The fear of lifting overhead is a myth developed from athletes lifting under the direction of under-educated, inexperienced coaches promoting heavy weight and incorrect form, so yes, this will lead to injury (in more than just baseball players). Done properly, lifting weights can give baseball players another sport and an extra stimulus to allow them rest from their sport while still keeping them in shape and in a competitive mindset.

Multiple major league baseball players have spoken out in testimony of the Olympic lifts and how they have changed the game for baseball for the better. Retired professional pitcher, Brent Pourciau, says, “after surgery I decided to ignore the conventional wisdom of the game which was telling me weight training would reduce performance and cause injury. Well that had already happened and it wasn’t weight training that caused it.” Pourciau worked with Kurt Hester, former LSU baseball strength and conditioning coach, and used the program the team had used in the 90s. Before the surgery he was throwing in the mid 80s and five years after was clocked at 94 mph.

He’s not the only believer. One Orioles strength coach, Brady Andersen, has also implemented the Olympic lifts into his program. He says, “Imagine if the training were today, running full speed, headed toward a wall, diving into the air, catching an object, tumbling on your shoulder, rolling into it, getting up and throwing an object as hard as you can in the other direction. That would be crazy training, right?” said Anderson, who worked with pitchers Wei-Yin Chen, Miguel Gonzalez and Zach Britton, along with Triple-A Norfolk strength coach Ryo Naito, in California this winter. “That’s what you are asking them to do in a game. So you have to prepare them to meet the demands of the game.”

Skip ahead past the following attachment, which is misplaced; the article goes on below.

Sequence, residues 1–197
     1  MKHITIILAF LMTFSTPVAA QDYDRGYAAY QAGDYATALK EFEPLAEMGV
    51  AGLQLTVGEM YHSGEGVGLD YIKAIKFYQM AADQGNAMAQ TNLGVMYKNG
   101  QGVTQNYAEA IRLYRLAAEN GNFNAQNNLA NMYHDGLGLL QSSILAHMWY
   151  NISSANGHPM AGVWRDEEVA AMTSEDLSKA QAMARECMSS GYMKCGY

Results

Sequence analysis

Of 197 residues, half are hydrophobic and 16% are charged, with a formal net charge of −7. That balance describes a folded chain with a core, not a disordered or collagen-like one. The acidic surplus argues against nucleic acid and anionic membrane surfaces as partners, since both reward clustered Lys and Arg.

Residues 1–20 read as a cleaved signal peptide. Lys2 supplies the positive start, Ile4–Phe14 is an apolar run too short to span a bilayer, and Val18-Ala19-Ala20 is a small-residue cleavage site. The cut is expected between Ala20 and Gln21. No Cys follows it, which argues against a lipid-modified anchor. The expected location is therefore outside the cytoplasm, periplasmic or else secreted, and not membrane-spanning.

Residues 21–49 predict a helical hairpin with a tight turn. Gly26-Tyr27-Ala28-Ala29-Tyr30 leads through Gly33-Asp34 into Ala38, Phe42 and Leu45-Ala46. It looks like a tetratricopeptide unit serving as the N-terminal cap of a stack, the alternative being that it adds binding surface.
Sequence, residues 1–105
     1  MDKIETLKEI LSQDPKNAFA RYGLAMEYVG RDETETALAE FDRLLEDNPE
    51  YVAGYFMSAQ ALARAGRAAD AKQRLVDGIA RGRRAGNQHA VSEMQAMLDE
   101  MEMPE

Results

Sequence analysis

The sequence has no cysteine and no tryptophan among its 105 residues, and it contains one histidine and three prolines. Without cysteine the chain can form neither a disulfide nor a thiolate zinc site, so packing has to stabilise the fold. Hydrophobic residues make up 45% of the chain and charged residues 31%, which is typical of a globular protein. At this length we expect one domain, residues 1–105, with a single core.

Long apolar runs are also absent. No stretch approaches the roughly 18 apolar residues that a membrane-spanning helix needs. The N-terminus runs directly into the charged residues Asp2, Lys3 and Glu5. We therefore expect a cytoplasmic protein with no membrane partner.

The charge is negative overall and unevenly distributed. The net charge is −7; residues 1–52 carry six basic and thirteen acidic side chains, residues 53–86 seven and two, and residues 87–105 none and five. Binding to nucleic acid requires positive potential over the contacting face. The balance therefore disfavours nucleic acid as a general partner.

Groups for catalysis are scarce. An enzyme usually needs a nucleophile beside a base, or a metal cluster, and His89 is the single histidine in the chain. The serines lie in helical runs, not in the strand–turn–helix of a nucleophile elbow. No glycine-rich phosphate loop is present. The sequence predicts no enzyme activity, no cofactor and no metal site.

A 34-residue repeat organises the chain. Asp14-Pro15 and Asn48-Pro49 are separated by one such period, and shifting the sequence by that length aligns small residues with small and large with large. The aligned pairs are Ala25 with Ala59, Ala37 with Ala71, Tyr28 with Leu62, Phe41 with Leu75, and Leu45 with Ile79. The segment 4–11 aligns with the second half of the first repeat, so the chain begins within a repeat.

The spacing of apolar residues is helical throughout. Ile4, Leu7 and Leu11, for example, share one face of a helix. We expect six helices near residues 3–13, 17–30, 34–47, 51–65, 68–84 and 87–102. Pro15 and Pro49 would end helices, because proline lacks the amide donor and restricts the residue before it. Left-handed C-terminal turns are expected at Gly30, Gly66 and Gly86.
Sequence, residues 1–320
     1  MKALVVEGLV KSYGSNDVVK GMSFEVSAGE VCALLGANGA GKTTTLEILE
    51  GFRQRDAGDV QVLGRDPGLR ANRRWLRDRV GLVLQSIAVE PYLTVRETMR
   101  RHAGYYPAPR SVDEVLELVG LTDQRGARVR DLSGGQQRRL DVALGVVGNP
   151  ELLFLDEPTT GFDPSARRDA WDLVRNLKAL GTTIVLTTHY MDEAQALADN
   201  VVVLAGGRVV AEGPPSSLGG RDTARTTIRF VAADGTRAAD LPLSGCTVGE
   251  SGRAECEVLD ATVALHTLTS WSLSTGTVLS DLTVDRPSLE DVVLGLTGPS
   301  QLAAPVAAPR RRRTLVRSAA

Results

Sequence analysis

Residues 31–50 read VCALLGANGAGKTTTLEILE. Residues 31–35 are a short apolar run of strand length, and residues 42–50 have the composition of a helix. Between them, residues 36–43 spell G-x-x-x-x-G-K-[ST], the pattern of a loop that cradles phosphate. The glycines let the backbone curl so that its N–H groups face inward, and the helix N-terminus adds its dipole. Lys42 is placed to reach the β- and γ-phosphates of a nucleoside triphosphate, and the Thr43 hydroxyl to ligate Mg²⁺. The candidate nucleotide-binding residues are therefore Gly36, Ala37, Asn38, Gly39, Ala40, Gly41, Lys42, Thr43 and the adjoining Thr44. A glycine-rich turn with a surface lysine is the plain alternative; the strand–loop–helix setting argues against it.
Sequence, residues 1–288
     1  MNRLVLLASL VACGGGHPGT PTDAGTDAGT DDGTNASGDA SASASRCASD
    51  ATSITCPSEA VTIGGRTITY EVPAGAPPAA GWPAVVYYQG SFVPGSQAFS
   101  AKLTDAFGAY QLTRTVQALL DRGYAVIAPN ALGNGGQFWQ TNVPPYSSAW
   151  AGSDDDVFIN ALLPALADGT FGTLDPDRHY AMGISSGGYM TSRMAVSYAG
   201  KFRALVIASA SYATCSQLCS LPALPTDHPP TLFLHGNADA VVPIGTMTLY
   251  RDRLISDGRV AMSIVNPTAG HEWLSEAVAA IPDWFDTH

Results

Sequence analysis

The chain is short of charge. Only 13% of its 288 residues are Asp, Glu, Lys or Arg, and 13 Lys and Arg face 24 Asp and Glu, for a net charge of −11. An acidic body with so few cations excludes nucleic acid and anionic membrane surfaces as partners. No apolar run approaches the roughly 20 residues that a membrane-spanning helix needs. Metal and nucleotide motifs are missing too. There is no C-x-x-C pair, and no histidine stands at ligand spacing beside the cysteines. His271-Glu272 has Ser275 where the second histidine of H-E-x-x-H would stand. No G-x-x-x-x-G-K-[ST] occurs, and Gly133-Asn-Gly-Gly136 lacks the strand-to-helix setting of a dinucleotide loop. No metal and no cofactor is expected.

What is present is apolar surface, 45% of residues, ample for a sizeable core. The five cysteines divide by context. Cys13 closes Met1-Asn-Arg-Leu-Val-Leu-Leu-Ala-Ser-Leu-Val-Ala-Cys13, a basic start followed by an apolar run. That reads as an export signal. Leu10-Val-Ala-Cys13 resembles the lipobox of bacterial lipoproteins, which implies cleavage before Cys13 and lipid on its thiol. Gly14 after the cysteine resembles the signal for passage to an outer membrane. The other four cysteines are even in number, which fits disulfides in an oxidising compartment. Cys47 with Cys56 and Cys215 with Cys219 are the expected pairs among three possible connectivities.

This style of training is increasing speed, adding velocity to their throws and improving flexibility all while reducing the injury rate in these athletes. These coaches are putting an end to the myth and producing bigger, faster, and stronger athletes.

Personal anecdote time: I knew a professional baseball player that came to work with my husband, Jason Poeth, during the off season. (Jason is now a strength and conditioning coach at the University of Alabama, but at the time he owned a gym in Mobile, AL called Titan Athletics.)

This baseball player was so inflexible that he couldn’t straighten his arm out overhead. It took months — and more than one off season — but he was eventually able to perform light-moderate hang snatches. In addition to helping him pass a flexibility test used to measure the likelihood of injury, the extra range of motion he gained improved the range of motion on his throw and increased the speed on his fastball. Boom.

Weightlifting programs are used by athletes in all sports to gain strength, improve speed and agility, and generate flexibility. The ultimate goal should be to improve these athletes in their sport, not turn them into competitive Olympic Weightlifters. For these baseball players, we’re just giving them another tool to advance themselves as athletes, and hopefully prevent overuse injuries in the shoulder. After all, “Lifting overhead is simply a way to develop a more well-rounded athlete by targeting an oft-neglected muscle group.” A well rounded athlete is a good athlete.